South America Flag Work

To continue our study of South America, the children will have a chance to match various flag cards.  This is a work all of the children can successfully do without assistance after the initial presentation.


Another extension to this work that can be completed is making their own flag book.  Given a blank page, a child can use a ruler, pencil and some crayons to create as many flags as they wish.  This child started with one, wanted to do another, then another and today finished a book.  She put on a purple cover and was very excited to take it home.  This is a work usually completed by older children or those with highly developed  fine motor skills.


Each year, the child’s knowledge about a certain continent will expand with more variations and extensions.

Land and Water Forms- Cape and Bay

As a continuation of our land and water form studies, we introduced cape and bay this week.  The children are given a lesson with water and our forms.  They fill up the pitcher and pour it into a form while receiving the definition and a three period lesson.  “A cape is a point of land projecting into a body of water.” “A bay is and area of water surrounded by land on three sides.”


Along with the concrete experience we also have small sandpaper cards that are in the shape of the cape and bay.  Here the children can feel the land part is rough and the water part is smooth.


To help increase comprehension, the children are then able to brown crayon and blue watercolor paint to produce these forms on paper.

The Continents

This week we introduced the children to our Continent Globe.  They had already learned the Earth is made of land and water and have now been introduced to the idea that the Earth is divided into seven continents.  This materials is specific to Montessori schools and the continents are all assigned a color which helps make identification easier.  We also use a song to help teach the names of the continents and several students sang this song merrily for a long while today.  Don’t be surprised if you hear this song:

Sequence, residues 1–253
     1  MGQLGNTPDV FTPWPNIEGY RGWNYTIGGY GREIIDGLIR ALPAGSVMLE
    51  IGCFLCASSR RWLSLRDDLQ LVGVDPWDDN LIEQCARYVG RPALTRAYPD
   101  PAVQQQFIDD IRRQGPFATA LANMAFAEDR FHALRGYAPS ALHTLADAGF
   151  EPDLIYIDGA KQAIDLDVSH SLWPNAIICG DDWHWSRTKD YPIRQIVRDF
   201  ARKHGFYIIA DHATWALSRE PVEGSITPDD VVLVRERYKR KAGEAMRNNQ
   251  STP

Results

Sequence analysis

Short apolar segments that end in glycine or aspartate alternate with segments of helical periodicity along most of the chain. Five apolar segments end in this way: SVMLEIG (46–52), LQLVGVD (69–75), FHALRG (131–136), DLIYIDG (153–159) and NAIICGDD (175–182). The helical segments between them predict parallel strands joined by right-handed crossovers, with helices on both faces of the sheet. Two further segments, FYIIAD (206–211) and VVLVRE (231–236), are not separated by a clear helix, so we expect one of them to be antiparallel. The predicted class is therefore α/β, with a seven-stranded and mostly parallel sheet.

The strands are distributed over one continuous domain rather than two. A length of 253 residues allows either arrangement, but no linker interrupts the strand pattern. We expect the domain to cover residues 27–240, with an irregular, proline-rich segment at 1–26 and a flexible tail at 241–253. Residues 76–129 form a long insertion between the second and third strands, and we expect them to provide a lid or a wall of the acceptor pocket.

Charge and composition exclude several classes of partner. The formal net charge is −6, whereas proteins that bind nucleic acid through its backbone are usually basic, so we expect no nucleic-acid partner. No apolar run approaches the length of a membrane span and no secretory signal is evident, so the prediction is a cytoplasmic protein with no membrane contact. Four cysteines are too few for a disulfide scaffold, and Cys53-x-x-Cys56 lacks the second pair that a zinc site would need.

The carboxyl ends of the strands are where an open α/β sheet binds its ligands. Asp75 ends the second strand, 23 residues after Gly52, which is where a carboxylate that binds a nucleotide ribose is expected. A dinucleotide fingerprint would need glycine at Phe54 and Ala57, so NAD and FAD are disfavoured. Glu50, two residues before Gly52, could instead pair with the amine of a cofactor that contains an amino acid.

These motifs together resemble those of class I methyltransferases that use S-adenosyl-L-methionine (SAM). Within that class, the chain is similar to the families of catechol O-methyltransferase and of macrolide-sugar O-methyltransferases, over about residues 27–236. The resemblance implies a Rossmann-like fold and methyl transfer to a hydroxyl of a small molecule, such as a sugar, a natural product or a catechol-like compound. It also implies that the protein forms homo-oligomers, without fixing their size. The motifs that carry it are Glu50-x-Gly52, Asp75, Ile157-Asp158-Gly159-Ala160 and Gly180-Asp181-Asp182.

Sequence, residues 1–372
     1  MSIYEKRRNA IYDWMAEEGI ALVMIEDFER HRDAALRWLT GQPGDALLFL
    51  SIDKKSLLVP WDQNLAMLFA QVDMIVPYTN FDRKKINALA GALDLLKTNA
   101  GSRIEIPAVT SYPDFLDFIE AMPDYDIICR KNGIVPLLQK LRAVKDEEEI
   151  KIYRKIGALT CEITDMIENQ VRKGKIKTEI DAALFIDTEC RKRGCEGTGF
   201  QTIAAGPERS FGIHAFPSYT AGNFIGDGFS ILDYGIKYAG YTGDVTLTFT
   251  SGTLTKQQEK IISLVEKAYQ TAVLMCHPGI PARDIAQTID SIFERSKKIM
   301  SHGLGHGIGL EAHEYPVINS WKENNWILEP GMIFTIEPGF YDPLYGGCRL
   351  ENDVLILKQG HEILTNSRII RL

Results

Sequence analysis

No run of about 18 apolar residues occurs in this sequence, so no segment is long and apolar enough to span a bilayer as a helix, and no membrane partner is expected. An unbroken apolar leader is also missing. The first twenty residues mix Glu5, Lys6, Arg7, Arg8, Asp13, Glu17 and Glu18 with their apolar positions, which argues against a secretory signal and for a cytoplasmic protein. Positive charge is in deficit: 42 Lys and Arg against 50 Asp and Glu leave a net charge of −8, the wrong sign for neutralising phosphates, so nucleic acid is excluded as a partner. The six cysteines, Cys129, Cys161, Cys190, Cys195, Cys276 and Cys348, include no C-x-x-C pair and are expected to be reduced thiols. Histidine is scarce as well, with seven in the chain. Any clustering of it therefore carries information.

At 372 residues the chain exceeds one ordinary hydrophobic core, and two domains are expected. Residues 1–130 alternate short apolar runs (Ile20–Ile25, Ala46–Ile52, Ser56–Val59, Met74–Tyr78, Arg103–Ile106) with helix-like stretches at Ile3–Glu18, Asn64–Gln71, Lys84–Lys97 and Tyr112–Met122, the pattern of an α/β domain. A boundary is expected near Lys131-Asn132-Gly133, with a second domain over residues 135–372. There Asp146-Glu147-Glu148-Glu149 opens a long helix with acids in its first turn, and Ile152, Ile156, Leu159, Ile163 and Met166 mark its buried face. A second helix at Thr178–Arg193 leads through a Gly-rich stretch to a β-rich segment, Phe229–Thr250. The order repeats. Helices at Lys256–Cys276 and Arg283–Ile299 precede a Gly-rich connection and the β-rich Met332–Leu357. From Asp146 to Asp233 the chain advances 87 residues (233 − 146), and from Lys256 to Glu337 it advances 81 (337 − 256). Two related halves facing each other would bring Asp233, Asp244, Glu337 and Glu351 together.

North America
South America
Africa and 
What about Antarctica
Don’t forget Australia..
North America
South America
Africa and Asia!


Here two children are coloring a map of the continents using the Montessori colors.  Next week we will expand this lesson and bring out our puzzle map of the continents.  This is slightly more abstract as it is flat but we give them a presentation with clay to demonstrate the transition from the spherical shape to the flat shape.

The study of the continents begins our cultural curriculum.  This combines many subjects which connect the child to their place in the universe.  Dr. Montessori believed that children become interested in concepts when they see the relationship between things.  “…the mind of the child is capable of acquiring culture at a period of life when nobody would have thought it possible, but can only take it by his own activity.  Culture cannot be received from another, but only through the work and increased realization of oneself.  Nowadays, when we are aware of the powers of the absorbent mind during the period from three to six years, we know this possibility to take in culture at a very early age.”  (The Absorbent Mind, 2007, pg. 151)

Island and Lake

To continue our geography curriculum, we have begun studying land and water forms.  We have presented the children with the forms for lake (an area of water surrounded by land) and island (and area of land surrounded by water).  We do this by presenting a model in which the children can interact.  Our aim is to help the child develop their knowledge of, and interest in, the forms and shapes that land and water can adapt.  As in most Montessori materials, we give a concrete representation of the concept.  We also give the children the vocabulary.  As Montessori (The Absorbent Mind, 2007, pg. 154) said, “We found that our children who had the opportunity of learning these words early, recalled and remembered them easily when they found them later in the ordinary schools… while those children who met them for the first time found it difficult to remember them.  So the logical conclusion is to give scientific names at this age, of 3 to 6 years.  They are not given mechanically of course, but in connection with specially prepared apparatus, so that they are based on real understanding and experience.”

Here a child is pouring water into the lake.

The child then pours water into the Island form.

We will continue with cape and bay next.